Or rather, how sometimes losing your patience pays.
* Warning: it's about to get all kinds of controversial and so very honest on this little blog of mine. In fact, I started this post back in October, and I am just now working up the courage to post it. As with all my parenting posts, my intent is to share my experiences in the hopes that it will help someone else. I am prepared for the negative comments, but please keep it civilized, ladies and gents.
Losing your patience as a parent is not p.c. behavior. In this day and age, a parent is supposed to have the patience of Job and the positive attitude of the Dalai Lama. I'm here to say that not only is that totally unrealistic, it might not always be what is best.
First of all, I would like to say that I am a huge proponent of positive, mindful parenting. I spend as much of my time as possible engaged and present with my son. I "catch" him being good, praise positive behavior, and say yes A LOT. In fact, I ALWAYS give a reason for saying no and it is NEVER "because I said so." I am also EXTREMELY patient; as a Montessori supporter, I let Jude do many many things by himself, which means they take twice as long. I also have a long fuse and try to pick my battles, letting the little stuff go with a chuckle.
But here's the thing: I am human, and so are you! As parents we simply can't always say yes, and we can't always keep our cool. More importantly, we shouldn't. Now I'm not proposing that you start flying off the handle when your toddler spills her milk or scream when you have to ask twice. And physically hurting your child is obviously NEVER acceptable. What I am proposing is that you follow your gut as a parent, even if it means losing your cool.
I recently threw out all I had read and everything I "wanted to be" as a parent and really lost my s**t. And you know what, I'm glad I did. Not only did I finally get through to Jude that I will not be disrespected, I taught him that I am not "practically perfect in every way." Rather, I am a strong woman capable of powerful emotion and pointed self expression.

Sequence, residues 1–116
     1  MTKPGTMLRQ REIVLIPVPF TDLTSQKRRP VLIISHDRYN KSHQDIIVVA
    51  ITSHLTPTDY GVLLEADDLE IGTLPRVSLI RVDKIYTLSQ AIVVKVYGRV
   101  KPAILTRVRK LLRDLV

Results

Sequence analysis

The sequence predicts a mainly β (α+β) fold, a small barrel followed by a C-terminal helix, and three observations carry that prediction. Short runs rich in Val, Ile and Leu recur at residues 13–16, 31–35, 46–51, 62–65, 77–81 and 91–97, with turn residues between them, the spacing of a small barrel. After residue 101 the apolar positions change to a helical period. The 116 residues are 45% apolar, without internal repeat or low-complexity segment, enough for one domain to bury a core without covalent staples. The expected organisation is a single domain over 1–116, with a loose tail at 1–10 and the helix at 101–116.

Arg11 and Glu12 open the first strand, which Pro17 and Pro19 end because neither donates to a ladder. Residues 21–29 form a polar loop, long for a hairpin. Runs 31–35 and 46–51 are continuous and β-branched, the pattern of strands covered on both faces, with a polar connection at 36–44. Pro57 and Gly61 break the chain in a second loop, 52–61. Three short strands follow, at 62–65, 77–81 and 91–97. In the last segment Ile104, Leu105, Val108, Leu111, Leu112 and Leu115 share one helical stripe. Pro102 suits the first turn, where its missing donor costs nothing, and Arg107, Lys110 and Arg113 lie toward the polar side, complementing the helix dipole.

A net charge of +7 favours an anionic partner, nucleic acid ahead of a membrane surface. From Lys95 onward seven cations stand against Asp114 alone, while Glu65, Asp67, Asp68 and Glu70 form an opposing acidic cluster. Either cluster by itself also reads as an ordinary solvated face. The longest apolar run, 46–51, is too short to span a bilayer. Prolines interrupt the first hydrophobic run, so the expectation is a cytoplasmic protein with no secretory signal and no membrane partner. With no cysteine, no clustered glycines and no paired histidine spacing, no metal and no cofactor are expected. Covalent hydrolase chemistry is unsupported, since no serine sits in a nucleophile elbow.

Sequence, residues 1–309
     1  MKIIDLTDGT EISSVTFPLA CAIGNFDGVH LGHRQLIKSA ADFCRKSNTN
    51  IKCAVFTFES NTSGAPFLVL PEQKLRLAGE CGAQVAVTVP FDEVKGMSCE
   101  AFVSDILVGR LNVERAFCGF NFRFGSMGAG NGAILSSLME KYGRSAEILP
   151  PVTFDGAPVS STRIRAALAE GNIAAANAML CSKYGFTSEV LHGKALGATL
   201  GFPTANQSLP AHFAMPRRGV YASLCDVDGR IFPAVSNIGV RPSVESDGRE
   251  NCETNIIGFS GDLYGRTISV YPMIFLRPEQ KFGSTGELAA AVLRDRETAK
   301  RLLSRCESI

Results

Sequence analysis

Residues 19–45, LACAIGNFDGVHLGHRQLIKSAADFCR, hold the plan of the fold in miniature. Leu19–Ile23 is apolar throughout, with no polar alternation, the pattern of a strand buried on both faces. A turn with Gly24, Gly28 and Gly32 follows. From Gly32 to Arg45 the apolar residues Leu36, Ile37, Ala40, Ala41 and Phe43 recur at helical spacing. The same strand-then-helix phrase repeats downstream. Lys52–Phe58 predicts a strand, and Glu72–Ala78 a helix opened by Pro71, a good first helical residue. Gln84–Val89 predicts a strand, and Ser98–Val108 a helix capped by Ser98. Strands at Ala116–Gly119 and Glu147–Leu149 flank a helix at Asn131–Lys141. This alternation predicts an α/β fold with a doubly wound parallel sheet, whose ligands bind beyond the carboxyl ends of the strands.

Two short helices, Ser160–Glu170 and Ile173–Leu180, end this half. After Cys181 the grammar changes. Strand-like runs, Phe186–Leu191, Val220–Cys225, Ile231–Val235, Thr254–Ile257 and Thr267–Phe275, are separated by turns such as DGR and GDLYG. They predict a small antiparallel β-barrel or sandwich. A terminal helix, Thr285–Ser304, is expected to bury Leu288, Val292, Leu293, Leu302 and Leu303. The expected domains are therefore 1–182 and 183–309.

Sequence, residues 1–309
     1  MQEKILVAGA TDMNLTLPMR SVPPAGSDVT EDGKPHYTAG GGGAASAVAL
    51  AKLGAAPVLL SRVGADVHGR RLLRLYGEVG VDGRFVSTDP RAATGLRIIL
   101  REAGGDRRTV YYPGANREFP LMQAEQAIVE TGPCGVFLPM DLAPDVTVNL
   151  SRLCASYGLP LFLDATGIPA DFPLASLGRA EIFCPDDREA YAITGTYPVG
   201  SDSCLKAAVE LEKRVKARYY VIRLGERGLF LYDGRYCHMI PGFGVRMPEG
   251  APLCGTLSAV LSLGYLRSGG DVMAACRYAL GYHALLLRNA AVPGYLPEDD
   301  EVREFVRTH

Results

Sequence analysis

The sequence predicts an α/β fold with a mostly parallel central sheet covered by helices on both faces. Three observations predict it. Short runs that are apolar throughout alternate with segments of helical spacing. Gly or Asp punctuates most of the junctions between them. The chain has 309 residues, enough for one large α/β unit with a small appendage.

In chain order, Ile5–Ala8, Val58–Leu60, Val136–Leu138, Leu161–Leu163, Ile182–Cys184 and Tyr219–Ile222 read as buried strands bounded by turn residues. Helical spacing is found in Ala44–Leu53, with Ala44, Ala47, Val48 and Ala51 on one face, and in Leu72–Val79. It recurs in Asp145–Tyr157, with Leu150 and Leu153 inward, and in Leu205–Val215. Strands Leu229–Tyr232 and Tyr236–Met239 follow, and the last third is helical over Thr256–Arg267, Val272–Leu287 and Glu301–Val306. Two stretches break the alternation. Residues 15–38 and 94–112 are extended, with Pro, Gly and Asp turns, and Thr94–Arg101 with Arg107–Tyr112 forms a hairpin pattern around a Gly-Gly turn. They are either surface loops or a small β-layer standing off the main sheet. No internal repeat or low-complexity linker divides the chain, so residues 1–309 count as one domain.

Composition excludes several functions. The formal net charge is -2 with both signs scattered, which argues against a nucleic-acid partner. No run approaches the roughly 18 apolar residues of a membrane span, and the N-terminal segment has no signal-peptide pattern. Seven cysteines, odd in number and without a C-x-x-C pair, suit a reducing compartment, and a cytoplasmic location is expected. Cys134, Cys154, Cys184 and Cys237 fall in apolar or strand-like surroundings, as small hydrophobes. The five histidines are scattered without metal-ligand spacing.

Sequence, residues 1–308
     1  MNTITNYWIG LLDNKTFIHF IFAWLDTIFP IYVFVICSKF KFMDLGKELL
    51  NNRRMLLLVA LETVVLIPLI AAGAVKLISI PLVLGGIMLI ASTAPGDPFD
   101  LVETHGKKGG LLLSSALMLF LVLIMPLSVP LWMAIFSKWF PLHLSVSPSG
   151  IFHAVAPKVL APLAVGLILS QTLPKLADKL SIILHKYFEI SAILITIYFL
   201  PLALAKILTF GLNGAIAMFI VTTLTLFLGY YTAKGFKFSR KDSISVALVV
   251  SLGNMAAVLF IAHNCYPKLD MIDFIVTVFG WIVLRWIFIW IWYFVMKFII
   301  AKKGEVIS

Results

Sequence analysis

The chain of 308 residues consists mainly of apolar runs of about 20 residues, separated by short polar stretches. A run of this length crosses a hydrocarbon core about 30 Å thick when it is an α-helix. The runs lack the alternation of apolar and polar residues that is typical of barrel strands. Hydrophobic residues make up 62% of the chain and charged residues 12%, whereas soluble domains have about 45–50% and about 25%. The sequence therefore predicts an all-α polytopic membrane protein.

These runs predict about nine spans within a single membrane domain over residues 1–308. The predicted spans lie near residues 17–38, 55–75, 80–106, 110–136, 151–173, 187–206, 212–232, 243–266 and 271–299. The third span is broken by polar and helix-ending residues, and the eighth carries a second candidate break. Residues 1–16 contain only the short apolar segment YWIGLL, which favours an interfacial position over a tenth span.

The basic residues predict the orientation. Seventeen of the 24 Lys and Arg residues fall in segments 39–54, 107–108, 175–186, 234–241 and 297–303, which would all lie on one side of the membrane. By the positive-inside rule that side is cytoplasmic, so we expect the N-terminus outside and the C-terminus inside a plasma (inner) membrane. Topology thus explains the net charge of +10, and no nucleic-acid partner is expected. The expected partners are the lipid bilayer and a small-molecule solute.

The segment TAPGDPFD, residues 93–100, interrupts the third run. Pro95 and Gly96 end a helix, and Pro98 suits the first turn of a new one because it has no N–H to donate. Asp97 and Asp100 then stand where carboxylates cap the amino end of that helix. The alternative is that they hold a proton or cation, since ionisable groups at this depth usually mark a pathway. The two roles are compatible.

Are you dying to know what happened? Don't worry, I'm not going to just speak in vaugeries, here's what went down:
After patiently asking Jude for the fourth time to undress and start getting ready for our day, I got a rather nasty response. Lots finger pointing and air shoving and bossing. "No, you don't tell me!" That kind of thing. Well, maybe it was because I had kept my cool through one too many of these outbursts, but as I stood in the hall breathing deeply, I decided I'd had quite enough. I walked back in his room, got down on his level and in a stern raised voice said something along these lines: "I will not be treated that way. Shoving your hands and telling me no is unacceptable. I owe you love, food, and shelter. Everything else is extra. I don't have to take you to library time right now or let you paint whenever you want or give you all of these toys." And then to the tune of a very upset screaming toddler I removed all, and yes I mean all, of the toys from his room. It was really quite a sight, I wish I had thought to take a picture. Imagine all of the toys from here, piled here. When we both calmed down, I explained that he could have his toys back when he was ready to be nice. I also apologized for raising my voice and gave him lots of hugs and kisses and reminded him that I loved him very much. I simply wouldn't stand for rude, angry behavior any longer. And guess what? It worked. No really, like not just for the day, but there has been a marked improvement in his behavior ever since. He still argues and throws the occasional fit (things I find healthy, I don't want to squash his strong spirit), but he doesn't fight every single point, and he doesn't use what we call "angry hands." A line that needed drawing was drawn. He's happier and so am I.
The reason I wanted to share this story is not because I think this blow-up was an ideal parenting moment, but because it was a very real one. Of course there are things I could have done differently, but sometimes, when you are in the thick of this parenting thing, your best isn't as pretty as you imagined.
Hope to never flip out like I did? This article has great tips for avoiding what she calls mama tantrums.
It should also be noted that not every single toy was returned, because this was the perfect opportunity to put Simplicity Parenting principles to good use. And this no doubt helped in more ways than one.
I'd love to hear your thoughts. Have you ever flipped out and been glad you did? Do you feel pressure to be constantly calm as a parent? Please tell me I'm not the only one who has gone a little nuts.